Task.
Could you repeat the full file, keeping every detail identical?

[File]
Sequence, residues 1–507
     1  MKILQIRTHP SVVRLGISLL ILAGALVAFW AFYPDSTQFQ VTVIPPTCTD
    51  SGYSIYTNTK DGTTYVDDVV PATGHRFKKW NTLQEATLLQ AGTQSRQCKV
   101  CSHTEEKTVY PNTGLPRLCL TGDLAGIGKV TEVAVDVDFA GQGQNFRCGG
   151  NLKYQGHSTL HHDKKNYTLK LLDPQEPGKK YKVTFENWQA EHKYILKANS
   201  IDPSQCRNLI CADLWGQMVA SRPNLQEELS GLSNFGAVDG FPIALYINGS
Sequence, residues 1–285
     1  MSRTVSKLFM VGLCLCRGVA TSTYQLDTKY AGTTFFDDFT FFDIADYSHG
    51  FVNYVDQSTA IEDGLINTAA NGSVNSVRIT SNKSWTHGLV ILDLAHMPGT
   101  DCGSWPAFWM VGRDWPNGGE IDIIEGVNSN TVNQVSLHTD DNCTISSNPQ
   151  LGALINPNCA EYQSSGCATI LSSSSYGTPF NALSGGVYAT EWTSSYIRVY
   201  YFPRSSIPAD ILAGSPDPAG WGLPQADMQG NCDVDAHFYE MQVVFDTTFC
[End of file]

Sequence, residues 1–507
     1  MKILQIRTHP SVVRLGISLL ILAGALVAFW AFYPDSTQFQ VTVIPPTCTD
    51  SGYSIYTNTK DGTTYVDDVV PATGHRFKKW NTLQEATLLQ AGTQSRQCKV
   101  CSHTEEKTVY PNTGLPRLCL TGDLAGIGKV TEVAVDVDFA GQGQNFRCGG
   151  NLKYQGHSTL HHDKKNYTLK LLDPQEPGKK YKVTFENWQA EHKYILKANS
   201  IDPSQCRNLI CADLWGQMVA SRPNLQEELS GLSNFGAVDG FPIALYINGS
Sequence, residues 1–285
     1  MSRTVSKLFM VGLCLCRGVA TSTYQLDTKY AGTTFFDDFT FFDIADYSHG
    51  FVNYVDQSTA IEDGLINTAA NGSVNSVRIT SNKSWTHGLV ILDLAHMPGT
   101  DCGSWPAFWM VGRDWPNGGE IDIIEGVNSN TVNQVSLHTD DNCTISSNPQ
   151  LGALINPNCA EYQSSGCATI LSSSSYGTPF NALSGGVYAT EWTSSYIRVY
   201  YFPRSSIPAD ILAGSPDPAG WGLPQADMQG NCDVDAHFYE MQVVFDTTFC